Wednesday, April 18, 2007

Curiouser and Curiouser

Fellow devotees of BibliOdyssey will recognize this strange-looking image as a depiction of Karl Heinrich Klingert's 1797 diving suit. (You didn't know there were diving suits back in 1797? Neither did I.)
My own immediate reaction upon seeing the diving suit, however, was to say "Hey, that's what Toyen used on Spojité nádoby!" In other words, on the cover of the Czech translation of André Breton's Communicating Vessels. This was pretty exciting, although I can't say I have any immediate use for this information as there is no reason for me to discuss the cover of Spojité nádoby in my dissertation (or anywhere else but right here).
But look a little closer at the two. Toyen didn't use precisely the same print of Klingert's suit. It's almost the same, but there are discrepancies. Somebody did a new engraving of the suit, making our diver a little more svelte, making his axe-head a little more ceremonial-looking, and so forth. So... we know what the picture is of, but not which book Toyen found it in.
Art historians tend to go into mild frenzies over this sort of thing, and I confess I am no exception. While I had never consciously articulated any desire to locate the sources of the images used in the Spojité nádoby collage, now that one of them has practically fallen into my lap, I'll be keeping an eye out for the bird and the guy in the sarcophageal bed.
I guess that will keep me amused in betweenst writing conference paper proposals (three to take care of in the next week or so) and hunting through the pages of Rudé právo, La Revue française de Prague, and fin-de-siècle fashion journals.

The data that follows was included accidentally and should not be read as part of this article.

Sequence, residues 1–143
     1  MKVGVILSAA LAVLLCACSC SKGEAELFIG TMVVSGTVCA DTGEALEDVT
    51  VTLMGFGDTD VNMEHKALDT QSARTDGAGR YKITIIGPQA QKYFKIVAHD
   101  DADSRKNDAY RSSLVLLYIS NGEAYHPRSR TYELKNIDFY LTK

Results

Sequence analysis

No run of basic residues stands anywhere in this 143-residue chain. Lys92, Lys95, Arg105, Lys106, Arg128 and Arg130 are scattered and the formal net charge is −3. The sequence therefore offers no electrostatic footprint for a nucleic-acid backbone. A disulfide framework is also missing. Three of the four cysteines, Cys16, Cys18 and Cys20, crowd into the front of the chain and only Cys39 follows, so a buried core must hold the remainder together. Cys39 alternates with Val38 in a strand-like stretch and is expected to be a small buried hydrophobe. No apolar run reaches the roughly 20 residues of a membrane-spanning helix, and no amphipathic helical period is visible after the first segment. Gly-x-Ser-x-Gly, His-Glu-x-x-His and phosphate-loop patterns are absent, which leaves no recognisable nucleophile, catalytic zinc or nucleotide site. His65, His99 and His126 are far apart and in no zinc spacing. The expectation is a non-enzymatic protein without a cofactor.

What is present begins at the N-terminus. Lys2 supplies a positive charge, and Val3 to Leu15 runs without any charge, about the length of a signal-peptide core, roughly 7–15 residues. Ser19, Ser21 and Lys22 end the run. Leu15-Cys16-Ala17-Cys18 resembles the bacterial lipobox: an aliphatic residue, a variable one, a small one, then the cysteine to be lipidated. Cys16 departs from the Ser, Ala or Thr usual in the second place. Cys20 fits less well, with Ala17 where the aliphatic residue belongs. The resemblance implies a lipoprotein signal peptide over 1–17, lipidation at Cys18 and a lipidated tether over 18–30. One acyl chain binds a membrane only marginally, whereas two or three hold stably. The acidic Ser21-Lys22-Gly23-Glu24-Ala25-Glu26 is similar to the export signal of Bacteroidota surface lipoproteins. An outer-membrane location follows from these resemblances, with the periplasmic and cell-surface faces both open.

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Blogger pk said...

can't say I have any immediate use for this information

I want to be a footnote!! I'm being oppressed!

I'll have to remain contented I suppose with causing a mild frenzy. Why do all the girls say that when I'm around? And the rocks, why do they throw rocks?
;- )

April 18, 2007 10:49 PM  
Blogger Karla said...

Have you got any more bits of surrealist collage lurking on your site...? actually, I say we go on a hunt for the sources of Štyrský's more gruesome collages. Turn-of-the-century medical texts on venereal disease seem like our best bet. You look online, I'll look in the library. We post the results on both blogs with different text, cross-link, double our readership (well, mine anyway).

Otherwise, maybe a coded mention in the section where I do an Academy-Awards thank-you to everyone under the sun?

Mild frenzy, is that all? Are your Australian gals that tame? or they just like to cast the first stone? You could always put on one of Klingert's diving suits and come to Prague for the big Štyrský retrospective next month.

April 18, 2007 11:15 PM  
Blogger Karla said...

On due reflection, it occurs to me that, given the position of the axe, there could be a sexual subtext, so perhaps it could find its way into the dissertation after all... will have to think about this in terms of the book content.

April 20, 2007 8:50 AM  
Blogger Dr. Zaius said...

I would disagree with your interpretation of the illustration. It is clearly a picture of a man dressed as a Tylenol. Holding an axe.

April 21, 2007 1:27 AM  
Blogger Karla said...

MY interpretation? You've been reading/looking at too much Dali.

April 21, 2007 11:29 AM  
Blogger Dr. Zaius said...

Yeah, like Dali ever dressed up as a giant Tylenol. He would never do anything crazy like that! Puh-leez!

April 22, 2007 2:14 AM  
Blogger Karla said...

I refer to Dali's celebrated paranoic-critical method. However, I would not put it past him to have dressed as a giant Tylenol capsule.

April 22, 2007 8:19 PM  
Blogger Dr. Zaius said...

I don't know, I think that Dali would have sided with President Reagan and just said "no to drugs," at least over the counter drugs.

April 23, 2007 1:08 AM  

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